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South Carolina Law Requires Police to Wear Body Cameras But Prohibits Releasing Its Footage

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Governor Nikki Haley (R) of South Carolina recently signed into law a bill that would require all law enforcement agencies in the state to wear body cameras. However, the footage from the cameras will not be made available to the public.

Al Jazeera America reports that on June 10th, Haley signed the bill in a public ceremony in North Charleston, South Carolina, the site of the shooting of Walter Scott, an unarmed African American man who was shot eight times in the back by police officer Michael Slager. The shooting occurred on April 4th and made national headlines after a bystander recorded it on his mobile phone and released it to the public. The incident prompted national outrage and lead to the firing and arrest of Slager, who was subsequently indicted on murder charges.

In response to the shooting, Haley signed the June 10th law in order to allay concerns about future police misconduct. However, in what some critics call a contradictory move, the state’s House of Representatives included an amendment prohibiting any footage from these cameras from being released to the public, even in response to a request under the Freedom of Information Act (FOIA).

Observers critical of the amendment, such as Jay Bender, an attorney with the South Carolina Press Association, claim that it totally defeats the purpose of the law.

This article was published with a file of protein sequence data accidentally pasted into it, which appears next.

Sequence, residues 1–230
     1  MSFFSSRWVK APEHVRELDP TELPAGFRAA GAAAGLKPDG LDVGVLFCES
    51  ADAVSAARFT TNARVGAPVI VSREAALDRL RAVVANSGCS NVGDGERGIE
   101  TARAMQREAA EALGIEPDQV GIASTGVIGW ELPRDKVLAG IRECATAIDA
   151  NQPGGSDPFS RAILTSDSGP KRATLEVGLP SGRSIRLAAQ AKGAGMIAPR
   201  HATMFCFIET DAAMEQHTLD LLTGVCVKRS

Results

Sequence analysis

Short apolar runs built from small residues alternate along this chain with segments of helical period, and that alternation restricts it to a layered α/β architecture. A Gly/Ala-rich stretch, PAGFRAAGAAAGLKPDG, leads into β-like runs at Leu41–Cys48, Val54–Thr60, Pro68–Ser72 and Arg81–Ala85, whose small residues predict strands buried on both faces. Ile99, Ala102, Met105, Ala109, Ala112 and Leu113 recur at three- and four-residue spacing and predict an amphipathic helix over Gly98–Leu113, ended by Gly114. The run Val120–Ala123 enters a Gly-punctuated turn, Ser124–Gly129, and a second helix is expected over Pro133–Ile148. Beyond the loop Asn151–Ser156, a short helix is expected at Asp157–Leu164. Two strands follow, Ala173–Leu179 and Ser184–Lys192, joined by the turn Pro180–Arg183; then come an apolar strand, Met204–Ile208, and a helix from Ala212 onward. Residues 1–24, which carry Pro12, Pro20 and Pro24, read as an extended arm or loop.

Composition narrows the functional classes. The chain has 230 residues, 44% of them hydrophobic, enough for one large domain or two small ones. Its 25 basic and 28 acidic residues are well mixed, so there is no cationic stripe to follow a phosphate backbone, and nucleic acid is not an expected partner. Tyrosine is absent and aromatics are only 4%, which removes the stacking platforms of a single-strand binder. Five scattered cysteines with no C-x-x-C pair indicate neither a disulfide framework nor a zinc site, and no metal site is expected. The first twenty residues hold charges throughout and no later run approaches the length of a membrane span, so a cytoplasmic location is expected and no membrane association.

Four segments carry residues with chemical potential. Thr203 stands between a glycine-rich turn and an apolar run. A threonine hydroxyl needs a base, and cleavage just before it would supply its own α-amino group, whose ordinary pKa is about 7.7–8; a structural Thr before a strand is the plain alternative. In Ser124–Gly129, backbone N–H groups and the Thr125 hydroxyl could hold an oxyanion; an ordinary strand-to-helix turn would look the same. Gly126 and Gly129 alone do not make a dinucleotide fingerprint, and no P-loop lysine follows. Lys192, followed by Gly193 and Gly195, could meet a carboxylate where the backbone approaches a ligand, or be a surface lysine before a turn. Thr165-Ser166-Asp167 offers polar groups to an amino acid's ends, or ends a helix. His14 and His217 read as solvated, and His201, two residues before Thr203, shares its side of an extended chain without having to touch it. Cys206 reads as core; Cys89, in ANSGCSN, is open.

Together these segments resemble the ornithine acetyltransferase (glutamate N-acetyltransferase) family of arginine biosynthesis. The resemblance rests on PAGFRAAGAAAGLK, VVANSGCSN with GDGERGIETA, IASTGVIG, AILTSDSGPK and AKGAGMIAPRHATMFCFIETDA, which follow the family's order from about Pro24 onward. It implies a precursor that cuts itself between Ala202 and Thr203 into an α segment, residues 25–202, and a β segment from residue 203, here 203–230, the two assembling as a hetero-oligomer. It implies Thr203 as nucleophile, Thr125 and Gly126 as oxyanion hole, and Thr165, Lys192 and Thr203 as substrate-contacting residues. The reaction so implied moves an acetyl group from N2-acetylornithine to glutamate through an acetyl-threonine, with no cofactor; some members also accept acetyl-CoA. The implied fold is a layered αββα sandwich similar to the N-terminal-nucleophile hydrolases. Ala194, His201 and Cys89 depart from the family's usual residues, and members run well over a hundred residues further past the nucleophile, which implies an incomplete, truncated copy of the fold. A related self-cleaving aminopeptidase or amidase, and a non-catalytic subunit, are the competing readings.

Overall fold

“That’s a cop cover-up bill,” Bender said. “It’s to protect cops from the public finding out about their misconduct.”

Although the law permits the police to release footage if it so chooses to, Bender is skeptical police departments will if the footage incriminates officers. “They always release video that seems to exonerate the cop,” he said. “They will never release a video that shows misconduct.”

However, Haley is more optimistic about the law’s effectiveness, claiming that it is a major step in the right direction.

“This is going to strengthen the people of South Carolina,” Haley said. “This is going to strengthen law enforcement, and this is going to make sure that Walter Scott did not die without us realizing we had a problem.”

Victoria Middleton, the executive director of the American Civil Liberties Union (ACLU) of South Carolina, also acknowledges the need for privacy regarding body camera footage, stating that victim’s rights are at stake, not just police officer’s.

“There does need to be some respect for privacy, especially of victims,” Middleton said. “If they’re going into a situation in a house where there are minors there or if there are other people being attacked who are not involved in the incident, the video really will have the potential to invade other people’s privacy.”